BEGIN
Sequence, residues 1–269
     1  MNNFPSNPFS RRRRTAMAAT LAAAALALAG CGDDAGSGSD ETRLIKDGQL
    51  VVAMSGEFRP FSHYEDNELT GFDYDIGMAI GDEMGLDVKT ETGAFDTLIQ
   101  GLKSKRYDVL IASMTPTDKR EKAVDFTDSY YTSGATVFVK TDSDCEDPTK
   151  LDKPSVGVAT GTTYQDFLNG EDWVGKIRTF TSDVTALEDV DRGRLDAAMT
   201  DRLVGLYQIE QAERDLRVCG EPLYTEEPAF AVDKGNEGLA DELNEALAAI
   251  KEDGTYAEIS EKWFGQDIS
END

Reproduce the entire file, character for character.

Sequence, residues 1–269
     1  MNNFPSNPFS RRRRTAMAAT LAAAALALAG CGDDAGSGSD ETRLIKDGQL
    51  VVAMSGEFRP FSHYEDNELT GFDYDIGMAI GDEMGLDVKT ETGAFDTLIQ
   101  GLKSKRYDVL IASMTPTDKR EKAVDFTDSY YTSGATVFVK TDSDCEDPTK
   151  LDKPSVGVAT GTTYQDFLNG EDWVGKIRTF TSDVTALEDV DRGRLDAAMT
   201  DRLVGLYQIE QAERDLRVCG EPLYTEEPAF AVDKGNEGLA DELNEALAAI
   251  KEDGTYAEIS EKWFGQDIS